Sarah Josepha Hale

Tour curated by: Susanna G Magdziarz

Sarah Josepha Hale Memorial Park, located in Newport, New Hampshire, honors one of its famous citizens. This park commemorates the life and work of Sarah Josepha Hale.

Sarah Josepha Buell was born on October 24, 1788 in Newport, New Hampshire. Her parents were Captain Gordon and Martha Buell. Education was important to Martha Buell, and she took it upon herself to educate her children. Hall continued her mother’s work with education, even after she was married.

She married David Hale (a lawyer), on October 23, 1813. David Hale encouraged his wife in her educational pursuits: reading and writing. Together the couple had five children, but tragically David Halle died from pneumonia on September 25, 1822, leaving her with five young children. His friends helped Sarah open up a millinery shop to help the widow support herself and her family. She did not enjoy working in the shop, but she continued in her writing.

Hale's first novel, Northwood, was published in 1827. Reverend John Blake heard about the success of Sarah’s novel, and invited her to become the editor for Ladies Magazine in Boston. She accepted, moving to Boston with her youngest son. In addition to her editing role, she was involved in public commemoration projects. She believed that men like her father, who fought in the American Revolutionary War, should be honored. She used her role to encourage Ladies Magazine readers to contribute to the Bunker Hill Monument, which was finally completed in 1843.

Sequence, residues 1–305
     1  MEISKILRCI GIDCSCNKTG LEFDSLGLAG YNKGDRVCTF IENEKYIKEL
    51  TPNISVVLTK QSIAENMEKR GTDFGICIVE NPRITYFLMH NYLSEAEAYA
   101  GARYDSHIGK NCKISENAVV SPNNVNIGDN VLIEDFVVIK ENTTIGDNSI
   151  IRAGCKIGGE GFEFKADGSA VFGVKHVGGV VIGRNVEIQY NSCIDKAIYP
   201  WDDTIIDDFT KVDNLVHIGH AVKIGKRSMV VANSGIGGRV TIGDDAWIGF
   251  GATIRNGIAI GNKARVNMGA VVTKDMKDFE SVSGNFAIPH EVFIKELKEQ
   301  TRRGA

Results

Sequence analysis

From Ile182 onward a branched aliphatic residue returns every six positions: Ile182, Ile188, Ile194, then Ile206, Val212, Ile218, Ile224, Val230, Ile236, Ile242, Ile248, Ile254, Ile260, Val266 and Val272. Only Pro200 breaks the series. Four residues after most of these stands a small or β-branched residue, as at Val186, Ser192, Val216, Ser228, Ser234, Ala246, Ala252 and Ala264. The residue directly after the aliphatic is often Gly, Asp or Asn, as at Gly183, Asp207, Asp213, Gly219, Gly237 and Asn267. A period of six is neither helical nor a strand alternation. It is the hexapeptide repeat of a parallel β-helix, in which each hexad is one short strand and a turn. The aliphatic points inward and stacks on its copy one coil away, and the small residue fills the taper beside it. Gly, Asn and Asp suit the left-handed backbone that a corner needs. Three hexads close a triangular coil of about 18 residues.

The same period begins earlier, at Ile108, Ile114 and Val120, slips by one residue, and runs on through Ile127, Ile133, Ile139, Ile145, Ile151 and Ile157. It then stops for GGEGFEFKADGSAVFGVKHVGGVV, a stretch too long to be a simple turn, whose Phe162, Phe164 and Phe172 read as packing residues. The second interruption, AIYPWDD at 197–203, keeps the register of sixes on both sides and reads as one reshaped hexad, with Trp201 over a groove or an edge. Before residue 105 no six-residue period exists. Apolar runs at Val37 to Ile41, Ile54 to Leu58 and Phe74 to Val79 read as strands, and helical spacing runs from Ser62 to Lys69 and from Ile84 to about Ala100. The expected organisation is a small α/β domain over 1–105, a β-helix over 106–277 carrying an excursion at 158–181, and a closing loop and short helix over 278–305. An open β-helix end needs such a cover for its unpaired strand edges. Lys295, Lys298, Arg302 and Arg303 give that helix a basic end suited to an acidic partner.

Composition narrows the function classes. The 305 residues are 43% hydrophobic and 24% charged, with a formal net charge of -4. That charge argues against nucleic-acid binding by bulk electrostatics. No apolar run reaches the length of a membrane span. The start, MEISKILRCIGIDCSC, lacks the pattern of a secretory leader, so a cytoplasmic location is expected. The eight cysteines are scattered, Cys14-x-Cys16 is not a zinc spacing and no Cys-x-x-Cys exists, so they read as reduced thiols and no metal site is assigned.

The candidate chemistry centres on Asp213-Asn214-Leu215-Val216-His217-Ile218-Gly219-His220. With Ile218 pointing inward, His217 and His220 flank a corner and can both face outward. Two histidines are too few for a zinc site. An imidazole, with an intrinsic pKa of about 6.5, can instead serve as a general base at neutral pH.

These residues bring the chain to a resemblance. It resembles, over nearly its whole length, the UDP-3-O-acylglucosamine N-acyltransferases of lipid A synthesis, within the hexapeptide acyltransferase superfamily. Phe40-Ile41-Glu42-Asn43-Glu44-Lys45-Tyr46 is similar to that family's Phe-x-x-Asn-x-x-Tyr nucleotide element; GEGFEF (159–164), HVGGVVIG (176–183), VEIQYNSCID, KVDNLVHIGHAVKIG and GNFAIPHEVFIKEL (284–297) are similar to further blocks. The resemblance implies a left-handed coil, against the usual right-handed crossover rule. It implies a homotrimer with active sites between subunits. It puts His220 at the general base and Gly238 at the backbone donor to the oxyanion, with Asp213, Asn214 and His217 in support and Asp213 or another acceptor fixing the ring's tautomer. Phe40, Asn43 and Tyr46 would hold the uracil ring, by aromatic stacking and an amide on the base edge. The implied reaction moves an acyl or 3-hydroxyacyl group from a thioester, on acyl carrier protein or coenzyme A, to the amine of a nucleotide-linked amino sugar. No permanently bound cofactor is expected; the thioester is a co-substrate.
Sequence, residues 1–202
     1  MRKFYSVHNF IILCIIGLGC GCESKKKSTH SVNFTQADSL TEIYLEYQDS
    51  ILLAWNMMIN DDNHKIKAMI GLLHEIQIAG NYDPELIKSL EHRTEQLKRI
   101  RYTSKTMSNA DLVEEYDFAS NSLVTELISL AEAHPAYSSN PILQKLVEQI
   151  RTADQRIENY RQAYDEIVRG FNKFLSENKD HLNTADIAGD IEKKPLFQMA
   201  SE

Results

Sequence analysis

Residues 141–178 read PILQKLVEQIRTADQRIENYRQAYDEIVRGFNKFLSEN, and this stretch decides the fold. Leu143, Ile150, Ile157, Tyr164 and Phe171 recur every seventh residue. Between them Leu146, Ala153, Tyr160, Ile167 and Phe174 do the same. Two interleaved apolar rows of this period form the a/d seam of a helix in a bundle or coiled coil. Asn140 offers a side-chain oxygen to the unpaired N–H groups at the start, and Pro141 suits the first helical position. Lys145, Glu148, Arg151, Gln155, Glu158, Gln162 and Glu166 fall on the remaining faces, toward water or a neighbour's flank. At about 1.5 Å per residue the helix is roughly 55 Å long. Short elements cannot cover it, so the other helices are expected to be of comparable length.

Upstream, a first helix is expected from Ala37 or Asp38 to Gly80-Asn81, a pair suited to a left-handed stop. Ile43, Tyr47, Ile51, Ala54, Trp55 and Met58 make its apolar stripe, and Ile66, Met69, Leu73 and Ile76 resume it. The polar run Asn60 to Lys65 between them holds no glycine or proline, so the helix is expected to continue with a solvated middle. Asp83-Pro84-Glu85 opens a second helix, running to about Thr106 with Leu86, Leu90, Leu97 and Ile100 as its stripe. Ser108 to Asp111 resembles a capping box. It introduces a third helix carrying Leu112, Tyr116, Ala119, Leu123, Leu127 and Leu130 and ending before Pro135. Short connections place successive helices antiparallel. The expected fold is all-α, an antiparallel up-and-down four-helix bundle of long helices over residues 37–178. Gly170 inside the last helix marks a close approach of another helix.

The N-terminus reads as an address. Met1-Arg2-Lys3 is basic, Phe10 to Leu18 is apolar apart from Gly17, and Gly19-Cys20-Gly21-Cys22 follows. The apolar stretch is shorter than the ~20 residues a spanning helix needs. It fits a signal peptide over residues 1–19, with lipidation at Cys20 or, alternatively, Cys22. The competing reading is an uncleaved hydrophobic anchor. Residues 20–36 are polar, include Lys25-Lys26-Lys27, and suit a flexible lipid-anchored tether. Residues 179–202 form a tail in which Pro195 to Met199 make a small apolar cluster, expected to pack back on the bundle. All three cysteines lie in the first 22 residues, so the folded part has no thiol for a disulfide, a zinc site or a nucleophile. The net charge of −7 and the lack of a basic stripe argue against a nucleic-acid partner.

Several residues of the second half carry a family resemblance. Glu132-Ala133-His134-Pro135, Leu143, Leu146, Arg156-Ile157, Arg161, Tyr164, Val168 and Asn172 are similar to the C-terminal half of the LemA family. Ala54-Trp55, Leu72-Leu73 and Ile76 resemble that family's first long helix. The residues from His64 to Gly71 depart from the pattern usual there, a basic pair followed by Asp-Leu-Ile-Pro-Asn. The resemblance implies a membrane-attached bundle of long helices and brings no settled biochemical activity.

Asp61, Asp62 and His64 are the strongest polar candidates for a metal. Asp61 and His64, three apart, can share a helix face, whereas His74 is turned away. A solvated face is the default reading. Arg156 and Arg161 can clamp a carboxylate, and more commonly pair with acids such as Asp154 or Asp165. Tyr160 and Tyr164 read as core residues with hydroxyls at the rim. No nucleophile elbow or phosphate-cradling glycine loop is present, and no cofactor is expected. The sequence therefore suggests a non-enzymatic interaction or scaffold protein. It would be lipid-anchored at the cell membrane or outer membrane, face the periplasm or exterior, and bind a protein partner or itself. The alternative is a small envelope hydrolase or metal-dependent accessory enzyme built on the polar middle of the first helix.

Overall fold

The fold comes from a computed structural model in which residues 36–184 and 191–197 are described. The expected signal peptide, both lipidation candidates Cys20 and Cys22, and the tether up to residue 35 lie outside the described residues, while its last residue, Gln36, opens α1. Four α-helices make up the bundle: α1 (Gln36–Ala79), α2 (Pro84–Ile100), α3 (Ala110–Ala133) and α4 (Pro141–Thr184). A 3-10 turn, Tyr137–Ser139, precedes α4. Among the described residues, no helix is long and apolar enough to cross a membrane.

During her time in Boston, Hale also published a collection of poems, which included Mary’s Lamb (now Mary Had a Little Lamb). Her poem was set to music in 1831, by Lowell Mason. As a young widow, she also served as an advocate for women. She founded the Seamen’s Aid Society, to help improve the lives of sailors' wives and daughters.

Another magazine editor, Louis Godey saw the success of the Ladies Magazine, and wanted to buy it and combine it with his magazine. Reverend Blake reluctantly agreed to sell. Hale became the editor for the Godey’s Lady Book. In her new role, she continued to educate women. Also, as editor, Sarah was able to pursue one of her lifelong passions of having Thanksgiving as a national holiday. She wrote

“The Fourth of July is the exponent of independence and civil freedom. Thanksgiving Day is the national pledge of Christian faith in God, acknowledging him as the dispenser of blessings. These two festivals should be joyfully and universally observed throughout our whole country, and thus incorporated in our habits of thought as inseparable from American life.”

Hale wrote to President Abraham Lincoln, to make the last Thursday in November, a national day of Thanksgiving. President Lincoln issued a proclamation on October 3, 1863, granting her wish. Hale did not live to see Thanksgiving become an official holiday in November 1941.

As Hale grew older, her influence declined. Louis Godey decided to end the publication of Lady’s Book, and Hale wrote her last editorial on December 31, 1877. She died on April 30, 1879, about two years after the magazine folded

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